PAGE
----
Should the ordinance become a law the New Orleans plan will be followed. The conductor will designate the seats in accordance with the prevailing conditions. It is proposed to have negroes occupy the front part of the car. Seats for their use will be appropriate labeled, and they must occupy no others. When their allotment of seats becomes filled, and standing in the aisles is necessary, they must keep within the limits of these seats. They must not seat themselves in seats reserved for whites, and any violation of this rule will necessitate the immediate retirement of the offender from the car or his arrest and punishment by a fine of $25 in the municipal court. The same rule applies to whites occupying reservations for negroes.
Labels: Kansas City council, New Orleans, politics, race, Robert Lee Gregory, streetcar
January 21, 1910
WHEN ELMAN WAS POOR.
Charles Grossman Was a Childhood
Playmate of the Violinist.
There is one person in Kansas City who is awaiting with unusual interest the coming of Mischa Elman, the violinist who will be heard here in concert for the first time at the Willis Wood next Friday afternoon. He is Charles Grossman of 3212 Charlotte street, a young sketch writer, who was a childhood playmate of Elman and shared his clothes and even meals with the infant prodigy, destined to be one of the world's greatest violinists. Elman's father was a man of brilliant education but desperately poor and lived next door to the Grossmans. The younger Grossman is eagerly awaiting the violinist's coming to exchange reminiscences with him. They have not met for a dozen years and in the meantime the 7-year-old concertist of the parting has become at 19 one of the wonderful players of all time.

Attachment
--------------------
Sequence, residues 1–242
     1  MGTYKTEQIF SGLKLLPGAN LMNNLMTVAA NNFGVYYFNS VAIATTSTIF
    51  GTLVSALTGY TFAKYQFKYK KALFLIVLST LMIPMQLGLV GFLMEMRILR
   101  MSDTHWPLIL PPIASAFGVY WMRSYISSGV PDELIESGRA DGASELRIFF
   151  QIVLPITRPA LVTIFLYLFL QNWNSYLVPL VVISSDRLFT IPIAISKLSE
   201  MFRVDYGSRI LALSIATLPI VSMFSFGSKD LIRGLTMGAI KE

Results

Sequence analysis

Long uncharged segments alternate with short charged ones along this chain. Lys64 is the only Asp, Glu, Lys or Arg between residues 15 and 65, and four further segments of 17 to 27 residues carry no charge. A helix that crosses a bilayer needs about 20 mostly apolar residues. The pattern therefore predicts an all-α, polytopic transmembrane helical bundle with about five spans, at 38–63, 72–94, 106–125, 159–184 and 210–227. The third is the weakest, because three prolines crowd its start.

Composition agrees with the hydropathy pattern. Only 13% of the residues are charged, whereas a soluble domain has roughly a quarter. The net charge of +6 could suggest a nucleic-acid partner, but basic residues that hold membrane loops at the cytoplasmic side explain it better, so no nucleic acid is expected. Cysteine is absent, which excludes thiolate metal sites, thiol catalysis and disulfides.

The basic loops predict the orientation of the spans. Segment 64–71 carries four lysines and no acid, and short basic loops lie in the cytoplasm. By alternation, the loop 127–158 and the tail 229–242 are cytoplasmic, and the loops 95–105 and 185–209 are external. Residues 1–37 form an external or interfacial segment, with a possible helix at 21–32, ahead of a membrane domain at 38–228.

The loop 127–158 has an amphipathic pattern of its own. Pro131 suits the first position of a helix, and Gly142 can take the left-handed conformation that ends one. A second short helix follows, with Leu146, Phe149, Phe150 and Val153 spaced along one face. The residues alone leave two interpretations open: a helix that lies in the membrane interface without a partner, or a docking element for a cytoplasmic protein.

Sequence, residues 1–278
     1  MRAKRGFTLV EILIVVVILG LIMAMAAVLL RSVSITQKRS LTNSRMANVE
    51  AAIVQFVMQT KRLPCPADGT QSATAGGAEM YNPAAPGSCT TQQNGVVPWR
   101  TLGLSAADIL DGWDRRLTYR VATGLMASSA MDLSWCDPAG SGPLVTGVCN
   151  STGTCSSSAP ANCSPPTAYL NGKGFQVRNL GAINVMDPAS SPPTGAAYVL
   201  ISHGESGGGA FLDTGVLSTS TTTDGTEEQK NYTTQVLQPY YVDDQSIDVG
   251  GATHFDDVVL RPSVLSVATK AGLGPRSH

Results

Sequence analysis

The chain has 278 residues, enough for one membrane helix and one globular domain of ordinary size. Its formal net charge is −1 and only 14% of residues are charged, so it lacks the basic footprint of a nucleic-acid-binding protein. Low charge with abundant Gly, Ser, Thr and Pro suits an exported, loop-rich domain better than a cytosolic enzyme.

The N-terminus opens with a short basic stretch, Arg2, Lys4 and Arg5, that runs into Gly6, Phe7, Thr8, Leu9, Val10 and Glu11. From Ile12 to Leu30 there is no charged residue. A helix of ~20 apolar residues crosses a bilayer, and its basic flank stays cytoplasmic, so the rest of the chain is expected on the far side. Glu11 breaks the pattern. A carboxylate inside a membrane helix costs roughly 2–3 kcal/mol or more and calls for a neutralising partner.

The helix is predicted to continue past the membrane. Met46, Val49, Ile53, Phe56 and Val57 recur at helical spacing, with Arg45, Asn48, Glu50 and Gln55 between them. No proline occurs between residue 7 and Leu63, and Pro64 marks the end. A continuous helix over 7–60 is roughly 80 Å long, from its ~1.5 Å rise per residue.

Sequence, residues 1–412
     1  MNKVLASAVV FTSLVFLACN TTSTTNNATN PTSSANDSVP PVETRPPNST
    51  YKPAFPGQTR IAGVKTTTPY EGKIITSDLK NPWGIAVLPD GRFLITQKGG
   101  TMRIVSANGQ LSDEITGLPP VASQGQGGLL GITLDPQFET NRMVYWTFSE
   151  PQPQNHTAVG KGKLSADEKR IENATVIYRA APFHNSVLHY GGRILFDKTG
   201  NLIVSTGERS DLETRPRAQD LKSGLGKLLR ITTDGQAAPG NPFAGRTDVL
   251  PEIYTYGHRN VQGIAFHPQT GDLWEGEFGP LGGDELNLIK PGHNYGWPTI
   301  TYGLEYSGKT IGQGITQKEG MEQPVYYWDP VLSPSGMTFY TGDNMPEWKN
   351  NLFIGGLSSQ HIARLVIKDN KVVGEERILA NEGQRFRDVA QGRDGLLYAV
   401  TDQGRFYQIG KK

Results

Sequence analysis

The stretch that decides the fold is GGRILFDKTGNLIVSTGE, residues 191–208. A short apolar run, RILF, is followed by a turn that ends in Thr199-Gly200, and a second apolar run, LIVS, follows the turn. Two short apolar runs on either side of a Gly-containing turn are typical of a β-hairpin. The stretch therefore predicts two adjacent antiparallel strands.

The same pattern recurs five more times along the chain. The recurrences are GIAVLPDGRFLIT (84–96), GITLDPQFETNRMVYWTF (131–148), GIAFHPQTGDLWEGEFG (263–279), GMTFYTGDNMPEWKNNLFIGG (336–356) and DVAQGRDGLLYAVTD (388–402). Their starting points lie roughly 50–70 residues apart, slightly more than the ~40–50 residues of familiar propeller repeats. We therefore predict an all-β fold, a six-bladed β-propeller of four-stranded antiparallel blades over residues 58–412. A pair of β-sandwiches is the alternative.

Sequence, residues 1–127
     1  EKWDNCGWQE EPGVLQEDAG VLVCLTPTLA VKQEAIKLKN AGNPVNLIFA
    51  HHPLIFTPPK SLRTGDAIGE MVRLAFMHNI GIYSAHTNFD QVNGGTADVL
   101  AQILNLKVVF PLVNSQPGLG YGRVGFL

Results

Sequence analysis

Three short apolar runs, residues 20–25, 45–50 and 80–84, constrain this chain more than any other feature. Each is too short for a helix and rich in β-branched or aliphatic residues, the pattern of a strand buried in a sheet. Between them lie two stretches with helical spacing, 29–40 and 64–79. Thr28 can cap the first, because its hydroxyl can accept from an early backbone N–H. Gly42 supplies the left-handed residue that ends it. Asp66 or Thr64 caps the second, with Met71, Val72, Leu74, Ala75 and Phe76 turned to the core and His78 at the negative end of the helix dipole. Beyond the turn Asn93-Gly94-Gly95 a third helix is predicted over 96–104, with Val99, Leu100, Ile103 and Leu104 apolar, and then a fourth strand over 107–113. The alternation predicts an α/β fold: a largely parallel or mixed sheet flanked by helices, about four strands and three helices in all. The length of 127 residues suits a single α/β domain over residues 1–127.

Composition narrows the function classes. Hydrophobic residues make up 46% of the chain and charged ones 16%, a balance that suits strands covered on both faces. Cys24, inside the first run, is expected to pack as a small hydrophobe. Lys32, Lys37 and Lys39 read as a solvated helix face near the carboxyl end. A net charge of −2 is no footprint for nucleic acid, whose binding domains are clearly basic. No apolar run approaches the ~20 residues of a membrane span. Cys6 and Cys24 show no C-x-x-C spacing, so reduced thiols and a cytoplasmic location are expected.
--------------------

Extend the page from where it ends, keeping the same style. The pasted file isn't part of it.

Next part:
"I am two years older than Elman," said Mr. Grossman yesterday. "I well recall the time when I first heard little Mischa play his father's violin at the age of 4 years. In my childish way I thought to have him punished and I told his father he was playing the instrument, which was about the only thing of value in the Elman home. The father was at first angry, but soon recognized the hitherto unsuspected skill of his son. He had no means to educate him, however, but my father gave him his first start by placing him under teachers in our home town of Tolnoe. Later he was sent to Schapola where a Jewish millionaire named Bodsky became interested in him and sent him to Odessa, where Professor Auer of the St. Petersburg conservatory took him up. the story of his phenomenal rise is history, but I know that he will be glad to see his playmate of the old days. He was the guest of my brothers in New York, one of whom is a rabbi and the other an attorney. I hope to have Elman as my guest next week.